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On-campus Farm Stand Helps Fund Group’s Push for Sustainability

A WSU selects an organically grown tomato at farm stand run by the WSU Sustainability Club and Organic Farm. Download high-resolution image. Photo by Brian Clark/Marketing, News, and Educational Communications.

Pullman, Wash. — The Washington State University Sustainability Club, in partnership with WSU’s Organic Farm, is selling fresh, organically grown produce at a farm stand on the campus of Washington State University. The farm stand is open from 11 a.m. to 1 p.m. every Wednesday through November 14 on the Terrell Mall across from Holland Library.

A wide variety of fruits and vegetables, including potatoes, salad greens, tomatoes, strawberries, tomatoes, herbs and, from the Tukey Orchard, peaches are being offered. The organic farm produces about 60 different crops.

The farmers’ mini-market is a fund raising effort to benefit both the WSU Sustainability Club and the WSU Organic Farm.

“The club’s main goal is to get the university to implement a sustainability office. There’re a lot of different things going on at the university in sustainability, and there’s a lot of support for sustainability, but there’s no coordination or funding through a central office.”Club officer Steve Bramwell, a graduate student in soil science, said that the “Sustainability Club is an advocacy club focused on promoting sustainability at the university and in the larger Pullman community. We do that through activities, outreach, and fundraising for the organic farm.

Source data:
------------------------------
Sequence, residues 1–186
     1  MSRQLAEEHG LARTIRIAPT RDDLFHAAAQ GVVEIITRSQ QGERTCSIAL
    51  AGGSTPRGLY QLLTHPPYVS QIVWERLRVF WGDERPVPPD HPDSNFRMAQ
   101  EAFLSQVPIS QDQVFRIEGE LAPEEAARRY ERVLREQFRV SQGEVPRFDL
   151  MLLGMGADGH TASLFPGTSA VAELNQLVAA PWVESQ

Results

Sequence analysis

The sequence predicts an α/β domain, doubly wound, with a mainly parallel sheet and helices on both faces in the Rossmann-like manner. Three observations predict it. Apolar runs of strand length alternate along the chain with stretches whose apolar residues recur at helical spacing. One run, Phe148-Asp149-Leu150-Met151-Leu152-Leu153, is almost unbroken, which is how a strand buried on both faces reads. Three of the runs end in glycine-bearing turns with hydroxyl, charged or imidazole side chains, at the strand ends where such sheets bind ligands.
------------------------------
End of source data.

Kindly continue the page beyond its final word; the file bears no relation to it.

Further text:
Bramwell defines sustainability as activity “that provides an income and a good quality of life without compromising future peoples and ecosystems.”

In terms of sustainable activity on campus, Bramwell cited WSU Dining Services, which uses locally and sustainably grown ingredients in the food it serves, the recycling efforts of both Housing Services and the WSU Recycling Center, among others. Club members and their supporters see sustainable development at the university and in the community as involving much more than agriculture and food, as sustainability involves the way grounds are maintained, buildings are lighted, and funds are invested.

Bramwell said the club is circulating a petition, already signed by hundreds of students, which would urge WSU President Elson S. Floyd to establish an office of sustainability.

The club’s membership includes students studying sociology, crop and soil sciences, horticulture, anthropology, English, communications and other majors.

Washington State University is the home of the nation’s first undergraduate major in organic agriculture. The WSU Organic Farm is co-located with the Tukey Orchard just east of campus. Both the farm and the orchard are used to teach students horticultural principles and to provide them with hands-on experience.